Surveillance Program PPOP
The National Institute for Occupational Safety and Health (NIOSH) Surveillance Program works with partners in industry, labor, trade associations, professional organizations, government agencies, and academia. The program:
- Expands awareness, knowledge, and use of occupational safety and health (OSH) surveillance data
- Builds capacity for state-based OSH surveillance
- Integrates OSH variables into general health surveillance systems and Occupational Data for Health (ODH) into health information technology (IT) systems
- Supports industry and health and safety surveillance needs, and addresses cross-cutting surveillance issues
- Encourage that OSH variables are included in national population-based surveys and data collections, standards for electronic health records (EHRs), and CDC surveillance systems, for example, the Behavioral Risk Factor Surveillance System and National Notifiable Diseases Surveillance System.
- Promote use of OSH surveillance resources and data tools, such as the NIOSH Industry and Occupation Computerized Coding System (NIOCCS).
- Examine surveillance trends by visualizing data from state and federal partners. Examples include Worker Health Charts, Absenteeism in the Workplace dashboards, and Mine and Mine Worker Charts.
- Increase jurisdiction capacity to conduct case-based surveillance of priority occupational injuries and illnesses and include OSH variables in case-reporting.
- Identify opportunities to use novel sources of surveillance data, such as audiometric (hearing) data, workers’ compensation data, and absenteeism data.
- Promote and support the use of ODH for self-entry of OSH variables in health IT systems to support patient care and public and population health.
- Coded industry and occupation text for >3 million 2020 death certificates for 46 states. In collaboration with the National Center for Health Statistics, included these in the 2020 National Vital Statistics System Mortality File.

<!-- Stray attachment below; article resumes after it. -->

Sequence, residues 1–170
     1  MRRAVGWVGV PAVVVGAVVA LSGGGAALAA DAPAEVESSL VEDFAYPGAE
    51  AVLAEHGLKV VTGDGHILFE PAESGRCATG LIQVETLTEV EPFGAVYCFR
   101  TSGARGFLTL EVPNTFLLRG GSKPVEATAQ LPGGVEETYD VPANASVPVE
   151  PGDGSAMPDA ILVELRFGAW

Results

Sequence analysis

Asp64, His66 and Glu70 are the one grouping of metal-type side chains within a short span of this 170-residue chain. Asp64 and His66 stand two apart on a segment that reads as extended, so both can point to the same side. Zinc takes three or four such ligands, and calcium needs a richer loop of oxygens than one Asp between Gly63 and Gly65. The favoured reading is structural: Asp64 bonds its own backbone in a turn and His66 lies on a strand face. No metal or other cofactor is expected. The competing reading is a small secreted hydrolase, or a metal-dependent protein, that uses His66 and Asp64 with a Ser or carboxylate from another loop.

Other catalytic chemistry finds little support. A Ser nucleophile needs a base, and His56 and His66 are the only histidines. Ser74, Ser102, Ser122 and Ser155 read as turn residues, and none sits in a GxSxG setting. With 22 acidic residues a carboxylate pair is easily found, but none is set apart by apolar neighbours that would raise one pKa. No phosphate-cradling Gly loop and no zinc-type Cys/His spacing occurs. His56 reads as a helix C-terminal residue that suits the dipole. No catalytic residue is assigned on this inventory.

- Released an Epi Info field template to collect standardized I/O information without an internet connection.
- Increased access to oil and gas worker fatalities surveillance data on the NIOSH website.
- Updated the NIOSH Mine and Mine Worker Charts with mining disaster data summarizing all U.S. mining disasters from 1839 – 2021.
- Identified COVID-19 related trends by occupational category in monthly updates to the Absenteeism in the Workplace dashboards.
- Published papers on suicide among workers, drug overdoses at workexternal icon, binge drinking among workersexternal icon, and health statusexternal icon and health behaviors of mining populationsexternal icon.
- Publish ODH informatics and survey tools to use in health IT applications, like Research Electronic Data Capture (REDCap) instruments.
- Expand the NOMS website. Add (1) resources to help funeral directors collect useful I/O data on death certificates, (2) analytical resources for researchers, and (3) I/O data coding metrics.
- Pilot ODH collection and use in EHRs in healthcare organizations to promote ODH REDCap survey use.
- Create data visualizations to demonstrate changes in workplace lead exposure trends using Adult Blood Lead Exposure Surveillance data.
- Publish Mining Industry and Workforce Survey results, a probability sample survey containing data on U.S. mining operations and employees.
- Complete studies of (1) depression and mental distress among miners and oil and gas extraction workers, and (2) non-coal miners’ exposures to respirable crystalline silica.
- Train 18 jurisdictions to collect I/O for COVID-19 cases and other infectious diseases.
Mention of any company or product does not constitute endorsement by the National Institute for Occupational Safety and Health, Centers for Disease Control and Prevention
The Surveillance Program improves the understanding of worker safety and health by identifying and tracking workplace injuries, illnesses, hazards, deaths, and exposures in the United States. This snapshot shows recent accomplishments and upcoming activities.
Includes both internal and external user submissions, crosswalks, and industry and occupation coding.
Source: NIOSH Program Records
To learn more, visit